Advantages of our Aerial Services
Accurately and efficiently pinpointing problem areas on your campus could save you hundreds to thousands through preventative maintenance. We make campus maintenance easier through our Thermal Mapping, Roof Moisture Surveys, and Liquid Leak Surveys.
Reports are created with high-angle, straight down (NADIR) infrared images. This technique reduces reflections and captures larger areas at once making the imagery easier to analyze and the report less expensive to produce
Since images are captured straight-down or ‘plan view’, the report is clear and concise. Reports are also easy to understand due to the reconciliation of infrared images, visual images and AutoCAD® drawings
We have become the number one infrared imagery company in the country through compiling state-of-the-art high-resolution infrared imagers, digital recording equipment, and techniques that have been refined for years
Our determination to deliver the best product on the market has allowed us to perform numerous infrared thermographic surveys on systems and facilities for universities, cities and industrial clients nationwide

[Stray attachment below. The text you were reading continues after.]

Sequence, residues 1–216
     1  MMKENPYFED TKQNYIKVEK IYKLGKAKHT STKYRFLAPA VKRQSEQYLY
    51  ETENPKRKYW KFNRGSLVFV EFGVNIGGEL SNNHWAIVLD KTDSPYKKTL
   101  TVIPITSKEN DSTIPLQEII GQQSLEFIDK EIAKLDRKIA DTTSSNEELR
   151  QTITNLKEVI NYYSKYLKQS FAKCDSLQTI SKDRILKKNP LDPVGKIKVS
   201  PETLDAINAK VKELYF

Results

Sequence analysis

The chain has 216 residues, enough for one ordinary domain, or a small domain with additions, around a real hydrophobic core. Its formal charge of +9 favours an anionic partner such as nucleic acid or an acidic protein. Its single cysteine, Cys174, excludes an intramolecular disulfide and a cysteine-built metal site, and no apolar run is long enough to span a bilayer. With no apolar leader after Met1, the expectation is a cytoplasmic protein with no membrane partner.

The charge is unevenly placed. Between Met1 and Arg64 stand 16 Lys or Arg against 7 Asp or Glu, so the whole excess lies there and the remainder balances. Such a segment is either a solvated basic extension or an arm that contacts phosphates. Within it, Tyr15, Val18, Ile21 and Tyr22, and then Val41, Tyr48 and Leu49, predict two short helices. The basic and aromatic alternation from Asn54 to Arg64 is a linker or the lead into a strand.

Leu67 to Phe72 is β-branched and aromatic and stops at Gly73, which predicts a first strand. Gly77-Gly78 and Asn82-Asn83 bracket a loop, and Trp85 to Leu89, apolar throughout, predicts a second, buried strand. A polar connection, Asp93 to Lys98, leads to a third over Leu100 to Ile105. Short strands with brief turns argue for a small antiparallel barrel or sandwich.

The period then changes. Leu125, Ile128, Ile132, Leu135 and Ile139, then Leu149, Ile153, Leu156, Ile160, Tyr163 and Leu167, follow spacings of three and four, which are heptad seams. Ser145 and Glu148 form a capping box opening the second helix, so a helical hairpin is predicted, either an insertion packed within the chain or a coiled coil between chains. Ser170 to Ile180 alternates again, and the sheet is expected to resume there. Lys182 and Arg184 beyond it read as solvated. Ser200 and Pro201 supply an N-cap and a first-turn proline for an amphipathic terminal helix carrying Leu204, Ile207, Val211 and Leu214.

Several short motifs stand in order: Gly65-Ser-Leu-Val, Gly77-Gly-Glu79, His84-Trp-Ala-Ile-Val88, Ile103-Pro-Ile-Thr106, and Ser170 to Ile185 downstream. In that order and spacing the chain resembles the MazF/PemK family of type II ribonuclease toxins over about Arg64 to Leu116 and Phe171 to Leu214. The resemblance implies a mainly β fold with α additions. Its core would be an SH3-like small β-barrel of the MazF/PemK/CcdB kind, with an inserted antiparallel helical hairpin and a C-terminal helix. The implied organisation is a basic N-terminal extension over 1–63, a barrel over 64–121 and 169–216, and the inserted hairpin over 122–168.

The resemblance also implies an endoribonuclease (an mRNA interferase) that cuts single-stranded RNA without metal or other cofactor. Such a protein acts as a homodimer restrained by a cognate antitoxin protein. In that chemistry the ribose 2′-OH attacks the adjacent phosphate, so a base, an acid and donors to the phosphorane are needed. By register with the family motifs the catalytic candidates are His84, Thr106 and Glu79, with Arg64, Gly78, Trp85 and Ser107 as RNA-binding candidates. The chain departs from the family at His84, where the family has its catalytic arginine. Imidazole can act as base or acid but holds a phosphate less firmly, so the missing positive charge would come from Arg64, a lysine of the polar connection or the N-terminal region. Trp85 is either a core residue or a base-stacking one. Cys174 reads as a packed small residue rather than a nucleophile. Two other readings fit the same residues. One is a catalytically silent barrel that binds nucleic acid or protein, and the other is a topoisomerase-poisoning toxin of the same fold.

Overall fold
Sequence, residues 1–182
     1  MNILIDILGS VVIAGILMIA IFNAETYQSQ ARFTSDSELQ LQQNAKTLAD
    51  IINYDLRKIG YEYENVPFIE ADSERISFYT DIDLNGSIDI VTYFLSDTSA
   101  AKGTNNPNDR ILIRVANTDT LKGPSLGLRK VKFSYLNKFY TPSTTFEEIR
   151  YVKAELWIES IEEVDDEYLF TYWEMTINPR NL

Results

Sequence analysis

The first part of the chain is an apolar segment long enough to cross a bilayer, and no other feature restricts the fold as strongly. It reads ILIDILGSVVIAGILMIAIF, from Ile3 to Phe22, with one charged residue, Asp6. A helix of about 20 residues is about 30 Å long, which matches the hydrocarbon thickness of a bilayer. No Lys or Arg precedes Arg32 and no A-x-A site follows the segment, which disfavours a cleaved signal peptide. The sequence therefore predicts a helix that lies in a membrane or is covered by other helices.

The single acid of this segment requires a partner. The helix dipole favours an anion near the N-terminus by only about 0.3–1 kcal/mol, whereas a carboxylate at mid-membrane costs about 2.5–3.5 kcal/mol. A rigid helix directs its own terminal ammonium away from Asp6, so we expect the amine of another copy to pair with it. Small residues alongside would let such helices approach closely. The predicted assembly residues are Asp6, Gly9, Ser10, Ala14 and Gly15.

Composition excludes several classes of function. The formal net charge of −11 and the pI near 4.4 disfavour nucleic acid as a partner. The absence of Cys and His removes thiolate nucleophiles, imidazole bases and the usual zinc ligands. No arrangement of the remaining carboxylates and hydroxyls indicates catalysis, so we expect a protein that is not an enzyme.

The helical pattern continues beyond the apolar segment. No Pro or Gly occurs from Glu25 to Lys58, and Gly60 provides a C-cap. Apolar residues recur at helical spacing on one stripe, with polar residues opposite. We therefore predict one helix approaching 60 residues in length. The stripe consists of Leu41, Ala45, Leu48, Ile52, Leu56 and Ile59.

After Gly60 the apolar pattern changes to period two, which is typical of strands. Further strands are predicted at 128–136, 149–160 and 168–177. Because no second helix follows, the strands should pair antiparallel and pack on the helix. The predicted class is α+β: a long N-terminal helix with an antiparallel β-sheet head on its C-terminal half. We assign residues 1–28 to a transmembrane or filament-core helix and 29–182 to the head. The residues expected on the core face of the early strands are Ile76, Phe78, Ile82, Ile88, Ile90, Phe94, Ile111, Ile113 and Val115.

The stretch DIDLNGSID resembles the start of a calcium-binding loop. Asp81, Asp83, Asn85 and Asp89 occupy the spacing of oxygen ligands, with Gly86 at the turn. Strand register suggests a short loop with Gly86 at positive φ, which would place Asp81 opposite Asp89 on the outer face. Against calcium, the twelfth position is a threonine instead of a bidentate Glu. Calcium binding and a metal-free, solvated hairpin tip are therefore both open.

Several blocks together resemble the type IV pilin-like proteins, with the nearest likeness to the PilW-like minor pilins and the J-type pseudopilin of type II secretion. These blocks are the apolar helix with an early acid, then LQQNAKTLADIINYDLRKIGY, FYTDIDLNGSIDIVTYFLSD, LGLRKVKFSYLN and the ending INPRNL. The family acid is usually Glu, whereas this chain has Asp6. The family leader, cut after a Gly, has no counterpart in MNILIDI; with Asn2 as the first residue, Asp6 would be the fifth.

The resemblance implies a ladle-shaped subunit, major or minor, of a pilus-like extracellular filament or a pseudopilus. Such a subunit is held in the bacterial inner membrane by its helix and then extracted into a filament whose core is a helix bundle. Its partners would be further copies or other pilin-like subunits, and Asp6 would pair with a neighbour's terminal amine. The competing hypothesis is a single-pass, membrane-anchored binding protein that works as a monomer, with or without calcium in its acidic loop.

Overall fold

Detects flaws in underground steam systems and hot/chilled water lines to provide valuable information to maintenance managers regarding the status of these systems.
Roof Moisture Survey
Comprehensive and cost-effective way to accurately detect roof moisture issues before they become a serious problem.
Liquid Leak Survey
Identify sources of pollutants from illicit connections, degraded sewage collector lines, faulty storm water drain discharges and more.
Understanding Aerial Infrared Imagery
Thermal infrared (IR) imagery is imagery that shows heat. It is often in the form of a grayscale picture whose shades of gray indicate the differences in temperature and emissivity of objects in the image. Typically, objects in the image that look lighter are warmer and those that look darker are cooler. Bright white objects are the warmest in the images while black objects are the coolest.
Any object with a temperature above absolute zero ( 0 Kelvin or –273 degrees Celsius) emits infrared radiation. An infrared picture only shows objects which emit infrared wavelengths in the 3000-5000 nanometer range. Objects in visible light wavelengths of 400 to 700 nanometers are detected, but only because they also emit heat. An example of this would be a warm street light that can be seen in the IR imagery.
We record infrared imagery on digital videotape and may later copy it to a VHS videotape and/or a JPEG digital image file. The image may be modified in a number of ways to enhance its value to the end user, such as creating a false-color image or adjusting the brightness and contrast of a grayscale image. The digital images are captured directly to JPEG format and placed on a CD-ROM.